Second of three parts
I was particularly interested in seeing how the capital would commemorate Kim Jong-il’s birthday on Feb. 16, and was glad to be kind of invited to his big bash.
For early starts like this one, we had been advised to bring alarm clocks (our cellphones were tucked in labeled plastic bags and safely kept by the tour officials), though I was pleased to find a suitable alternative in my roommate, who would wake up to the beeping of her clock, and then wake me up a while later with the sounds of her padding around our room. It was a good system.
|A typical breakfast at Yanggakdo hotel. For complete, unadulterated photos, visit my Picasa album|
Daily tests of collective spirit appeared in the form of tour times, which we’d try our best to stick to so we wouldn’t delay the entire group, and our adherence to rules on photography that if breached by one would swiftly put an end to the adventure of all.
(No pictures of anything strategic or military. No telephoto lenses. If you do take photos of the leaders’ monuments, their entirety must be in the frame. Calmly compose the picture and don’t take too long snapping a photo. People are sensitive to getting their pictures taken, so always ask before you shoot. Follow your guides’ cues at all times.)
In the end, although there were a few places and events that couldn’t be photographed, Koryo was right in saying that we would take more pictures than we’d think. My grand total: 1,366 kick-ass photos and 37 videos.
Throughout the day, we were met by a Pyongyang in mourning, but which had evidently decided to remember the good bits of what seemed like a strongman’s colorful life.
|We’d missed out on plans for some sort of field dance or parade for Kim Jong-il, evidenced by festive props carried by various citizens who made their way to Kumsusan Palace.|
Un-hee teared up as she recounted the shock that came with news of the leader’s death after conducting spot guidance in the countryside and how the last edict he signed “before his demise” was to “provide more fish to the people.”
She also explained how Supreme Leader Kim Jong-un had ordered images of his late father to be erected around the nation so the people could grieve and remember. Apparently, he’d also solicitously allowed the citizens to wear gloves and hats (usually removed as a sign of respect) “so they wouldn’t be cold.”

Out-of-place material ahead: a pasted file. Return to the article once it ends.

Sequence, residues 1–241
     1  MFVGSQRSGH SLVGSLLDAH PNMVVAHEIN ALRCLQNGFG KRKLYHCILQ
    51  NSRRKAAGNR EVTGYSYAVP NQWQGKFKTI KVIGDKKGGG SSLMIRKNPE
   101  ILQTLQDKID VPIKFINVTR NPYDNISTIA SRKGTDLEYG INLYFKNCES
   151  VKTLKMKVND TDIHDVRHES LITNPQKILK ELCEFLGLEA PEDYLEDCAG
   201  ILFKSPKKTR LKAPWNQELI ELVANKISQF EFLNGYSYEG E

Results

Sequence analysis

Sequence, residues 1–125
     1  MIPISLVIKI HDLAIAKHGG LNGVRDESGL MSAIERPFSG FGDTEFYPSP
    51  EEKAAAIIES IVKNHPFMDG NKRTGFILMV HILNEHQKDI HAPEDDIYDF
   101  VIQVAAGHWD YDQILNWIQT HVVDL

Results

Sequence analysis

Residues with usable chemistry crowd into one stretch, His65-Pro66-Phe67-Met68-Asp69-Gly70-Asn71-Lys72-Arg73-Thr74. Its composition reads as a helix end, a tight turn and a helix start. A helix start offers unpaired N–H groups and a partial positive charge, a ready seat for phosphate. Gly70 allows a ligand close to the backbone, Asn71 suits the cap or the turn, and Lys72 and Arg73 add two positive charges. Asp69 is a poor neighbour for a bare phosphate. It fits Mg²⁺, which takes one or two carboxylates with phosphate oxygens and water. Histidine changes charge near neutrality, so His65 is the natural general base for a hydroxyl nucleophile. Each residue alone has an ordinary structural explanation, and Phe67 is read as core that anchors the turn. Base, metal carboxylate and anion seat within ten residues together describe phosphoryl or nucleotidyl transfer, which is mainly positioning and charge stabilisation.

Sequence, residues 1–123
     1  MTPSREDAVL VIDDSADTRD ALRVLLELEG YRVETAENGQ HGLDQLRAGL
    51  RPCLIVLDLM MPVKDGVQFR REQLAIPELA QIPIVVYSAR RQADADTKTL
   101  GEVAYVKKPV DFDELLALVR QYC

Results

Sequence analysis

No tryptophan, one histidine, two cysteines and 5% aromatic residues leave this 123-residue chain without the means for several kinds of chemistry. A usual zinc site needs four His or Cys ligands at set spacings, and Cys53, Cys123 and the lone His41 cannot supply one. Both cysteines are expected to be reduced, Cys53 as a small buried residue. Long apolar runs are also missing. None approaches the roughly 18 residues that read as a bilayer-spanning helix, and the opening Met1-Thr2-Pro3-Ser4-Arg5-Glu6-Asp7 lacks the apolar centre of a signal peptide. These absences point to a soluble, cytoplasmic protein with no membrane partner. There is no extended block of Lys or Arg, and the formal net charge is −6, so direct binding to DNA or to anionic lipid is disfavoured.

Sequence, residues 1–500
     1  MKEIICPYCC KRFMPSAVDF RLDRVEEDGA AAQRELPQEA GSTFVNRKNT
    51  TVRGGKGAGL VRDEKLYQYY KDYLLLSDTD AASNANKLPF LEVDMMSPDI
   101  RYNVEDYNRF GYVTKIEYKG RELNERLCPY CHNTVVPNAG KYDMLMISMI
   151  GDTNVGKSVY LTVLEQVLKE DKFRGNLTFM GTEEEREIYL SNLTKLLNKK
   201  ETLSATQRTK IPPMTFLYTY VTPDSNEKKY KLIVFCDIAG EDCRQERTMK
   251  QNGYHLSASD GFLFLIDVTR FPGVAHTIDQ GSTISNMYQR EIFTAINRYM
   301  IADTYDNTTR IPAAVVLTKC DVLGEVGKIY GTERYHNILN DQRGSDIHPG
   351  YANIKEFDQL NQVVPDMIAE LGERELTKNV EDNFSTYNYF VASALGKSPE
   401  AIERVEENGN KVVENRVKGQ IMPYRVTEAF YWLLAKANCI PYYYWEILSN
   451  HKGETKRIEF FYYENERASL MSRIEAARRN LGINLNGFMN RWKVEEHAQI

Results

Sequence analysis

Our guide summarized the official sentiment: “The Koreans will never forget his giving the country prosperity … He didn’t die, but he lives forever in the hearts of the people.”
|Our lovely guide, who has been patiently shepherding naughty foreigners for about seven years. Her mother is a literature teacher, she likes French cosmetics and when asked if she had a boyfriend replied: “I’m still hunting.”|
We started with a morning constitutional at Mansudae Fountain Park, which was right across the stately Grand People’s Study House, the city library we didn’t get to visit.
At the pretty park, which glistened from melting ice, we bought some Kimjongilia bouquets wrapped in yellow-lined plastic for 4 euros. This would be a small fee to pay for that priceless moment when we headed to Kim Il-sung Square shortly afterward, saw a phalanx of somber North Koreans lining up to pay tribute to a smiling portrait of Kim Jong-il and proceeded to cut in line to offer the flowers.
That was me, with my hair tied in a bun and wearing a black parka, walking backwards after I’d laid down the flowers because I wasn’t sure if we were allowed to turn our backs to the picture. You should have seen their block formations at the square; it seemed like it was the width of our bus and the length of two. Being in front of all those people, feeling thousands of eyes boring into my back, I felt so important.
As foreigner-vassals, we were naturally good subjects for official state photos and state TV cameras, and they clicked and rolled as we made a poor effort at bowing. Naden, the Aussie I would henceforth go off on mini-adventures with, lamented that we hadn’t rehearsed. (But really, how could we expect to to bow better than the locals, who had years of practice?)
Despite not looking sad enough and not capitulating properly, much later we would learn that we had landed on state TV news — again!